Bitten By Frost
Bitten By Frost
This project started with last year’s chafer beetle damage. Initially I thought I’d take out the grass and plant a native/wildlife garden with three birch trees front-and-centre. For some heretofore unclear reasoning, I decided on a pond instead.
So I waited for spring, and then started to rip out the grass. Literally “rip” it out; the grass was so damaged by the chafer beetles there was hardly any roots left to fight with.
I wanted to use as much space for the pond as possible–apparently (or so I read over and over as I was researching this project) the main regret new pond owners have is that they didn’t go bigger. But as you can see, there isn’t that much room, and I need to be able to walk all around the pond without having to dig out shrubs and trees to do it.
Now it looks like I’ll have a planting berm around the edges–the excavated soil has to go somewhere–which means I still have to find space for a path… (In the end I was able to rake it all pretty level, using excess around the raised waterfall area.)
A lot of rocks in this ground. Over the years I’ve deposited quantities of rocks across the street in the gully, and this garden section is no different. Hence the need for the pickaxe!
Some water plants prefer deeper water, like water lilies, others, like papyrus, prefer it more shallow, while still others just want their roots wet, but the crown of the plant above water. Thus the need for three different levels.
I finished excavating and was ready to lay the IPDM membrane when Level 3 watering restrictions were announced. Which meant I couldn’t fill the pond. And if I lay the membrane and then it rained, I’d have standing water in the pond, being unable to fill and pump the water. So I started this project June 22 and finally lay the membrane Sept 28!
Despite the gratuitous number of rocks I harvested from the site, there still weren’t enough large ones to line the walls. Never mind, I know where to find more–across the street in the gully!
I don’t really want fish in my pond, because I don’t need to give the racoons even more reason to trash my garden. However, I may change my mind in the future, so just in case, I dug the pond deep enough to allow fish to overwinter successfully, and created little caves to give them hiding spots from the inevitable predators. I’ll also have floating plants to provide more hiding places.
And here’s the final product. I’ll do a little more planting in the spring, and there’s water lilies ready to go in now–as soon as I figure out how and where to plant them. Looks like I’ll need waders.
You’ve endured the saga, so here’s your reward. Enlarge for a better view. Hope you like it.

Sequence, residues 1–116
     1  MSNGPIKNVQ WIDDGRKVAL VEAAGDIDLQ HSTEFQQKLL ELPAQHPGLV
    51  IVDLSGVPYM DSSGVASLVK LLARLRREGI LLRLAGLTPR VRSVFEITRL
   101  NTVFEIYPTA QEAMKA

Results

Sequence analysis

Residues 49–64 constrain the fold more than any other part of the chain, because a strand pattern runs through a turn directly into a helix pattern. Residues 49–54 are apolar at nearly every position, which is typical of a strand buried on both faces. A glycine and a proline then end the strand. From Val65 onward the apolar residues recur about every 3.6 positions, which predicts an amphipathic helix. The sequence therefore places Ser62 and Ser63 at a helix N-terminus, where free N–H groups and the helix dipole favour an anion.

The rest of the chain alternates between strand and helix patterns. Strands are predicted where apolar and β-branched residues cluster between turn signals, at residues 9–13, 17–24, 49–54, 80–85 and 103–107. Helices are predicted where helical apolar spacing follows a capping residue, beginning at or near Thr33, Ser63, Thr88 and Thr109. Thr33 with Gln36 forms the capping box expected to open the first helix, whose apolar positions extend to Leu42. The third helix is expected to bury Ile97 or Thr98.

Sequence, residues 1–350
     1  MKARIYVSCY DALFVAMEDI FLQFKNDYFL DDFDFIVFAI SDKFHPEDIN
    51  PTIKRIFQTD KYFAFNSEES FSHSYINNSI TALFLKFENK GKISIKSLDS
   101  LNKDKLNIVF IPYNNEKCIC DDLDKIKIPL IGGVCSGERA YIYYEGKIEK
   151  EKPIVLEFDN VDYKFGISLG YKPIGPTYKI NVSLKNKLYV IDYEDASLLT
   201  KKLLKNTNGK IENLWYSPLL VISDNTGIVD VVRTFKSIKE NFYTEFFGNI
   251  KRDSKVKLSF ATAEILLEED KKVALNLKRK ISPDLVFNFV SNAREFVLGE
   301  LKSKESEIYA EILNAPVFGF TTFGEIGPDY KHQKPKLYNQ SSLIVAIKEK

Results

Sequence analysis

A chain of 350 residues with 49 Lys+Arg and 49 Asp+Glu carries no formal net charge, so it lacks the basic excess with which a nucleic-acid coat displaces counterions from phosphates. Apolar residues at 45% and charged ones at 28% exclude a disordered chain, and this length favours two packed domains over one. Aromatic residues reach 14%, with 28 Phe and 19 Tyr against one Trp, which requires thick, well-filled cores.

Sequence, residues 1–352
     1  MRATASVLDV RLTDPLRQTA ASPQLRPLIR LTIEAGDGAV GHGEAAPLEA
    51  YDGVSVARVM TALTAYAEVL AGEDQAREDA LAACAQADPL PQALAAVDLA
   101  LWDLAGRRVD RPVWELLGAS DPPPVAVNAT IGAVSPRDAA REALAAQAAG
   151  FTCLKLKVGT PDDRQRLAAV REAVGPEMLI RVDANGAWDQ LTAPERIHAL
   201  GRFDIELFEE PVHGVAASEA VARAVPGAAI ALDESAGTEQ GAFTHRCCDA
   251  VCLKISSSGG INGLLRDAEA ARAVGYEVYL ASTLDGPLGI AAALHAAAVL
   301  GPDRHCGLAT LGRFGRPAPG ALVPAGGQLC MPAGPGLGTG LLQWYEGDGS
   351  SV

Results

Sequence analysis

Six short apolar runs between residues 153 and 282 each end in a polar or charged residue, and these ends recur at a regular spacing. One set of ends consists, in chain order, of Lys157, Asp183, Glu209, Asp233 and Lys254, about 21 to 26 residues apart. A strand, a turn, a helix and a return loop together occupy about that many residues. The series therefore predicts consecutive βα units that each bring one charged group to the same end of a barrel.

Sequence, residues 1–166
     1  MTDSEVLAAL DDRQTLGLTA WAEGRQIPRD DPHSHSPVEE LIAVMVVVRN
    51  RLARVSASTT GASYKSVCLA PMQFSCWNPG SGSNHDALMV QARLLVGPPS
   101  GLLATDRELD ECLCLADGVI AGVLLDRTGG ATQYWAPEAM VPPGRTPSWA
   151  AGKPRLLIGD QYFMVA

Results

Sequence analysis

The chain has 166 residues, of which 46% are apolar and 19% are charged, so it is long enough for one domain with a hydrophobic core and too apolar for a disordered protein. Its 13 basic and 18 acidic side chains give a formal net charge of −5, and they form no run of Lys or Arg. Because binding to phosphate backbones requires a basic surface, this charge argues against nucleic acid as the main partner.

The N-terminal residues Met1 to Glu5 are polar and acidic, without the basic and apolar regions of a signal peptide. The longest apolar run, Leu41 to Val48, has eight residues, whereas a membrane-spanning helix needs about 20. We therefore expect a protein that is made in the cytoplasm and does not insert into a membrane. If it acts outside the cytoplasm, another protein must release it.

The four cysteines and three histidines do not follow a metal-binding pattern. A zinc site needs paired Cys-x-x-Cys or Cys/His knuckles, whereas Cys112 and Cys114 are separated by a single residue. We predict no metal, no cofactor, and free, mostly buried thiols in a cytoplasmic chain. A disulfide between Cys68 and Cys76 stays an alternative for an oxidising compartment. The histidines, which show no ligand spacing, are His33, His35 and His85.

This is why I wanted to have a pond: enlarge for better view–
Obviously the pond is far from finished, but at least now I have an electrical outlet to run the pump. Stay tuned for the finished product…
It worries me to see this:
Those are dead needles, and on an “evergreen”, one thinks “dying tree”.
But no need to worry after all. Even evergreens lose “expired” needles or leaves. Everything that’s living and growing will eventually discard dead cells, and that’s what’s happening here. The “joint” where the needle or leaf meets the branch develops what’s called the “abscision layer”, where cell activity and enzymes create a weakness, hence leaf- or needle-drop.
You can see that the dead needles are all higher up the branch, while the branch tips are all still green. This is a good thing!
Different species will keep their needles for more or fewer years–the Pinus strobus (White PIne) above only keeps its needles for a year, so there’s constant change happening. I’ll look forward to watching its development.
This Chamaecyparis obtusa ‘Fernspray Gold’ is losing three- or four-year-old foliage. Meanwhile, the green current growth will be turning a wonderful coppery colour pretty soon (hence the name ‘Fernspray Gold‘), before turning green again next late spring.
Your broadleaf evergreens will be doing the same (leaf drop), but may not look so dramatic.
This rhodo is losing three-year-old leaves. You can see that the leaves at the top of the picture are current year’s leaves, then follow the stems down to find last year’s leaves, and finally the third year leaves that are yellowing. But you can see it’s a very healthy specimen–probably the happiest rhodo in the garden.
So as long as the foliage that’s falling isn’t this year’s foliage, you can probably not fret too much about it. If you want to find out how many years your own tree/shrub holds its leaves, U of Nebraska has a page you might find useful. For a little more in-depth reading, inthegarden offers this article.
Poured concrete walls, courtesy of Houzz. It’s certainly not the cheapest option, but as you’ll see in the slide show below, the effects can be gorgeous! Click on any of the pictures to be taken to the full article, or just scroll through the slides.
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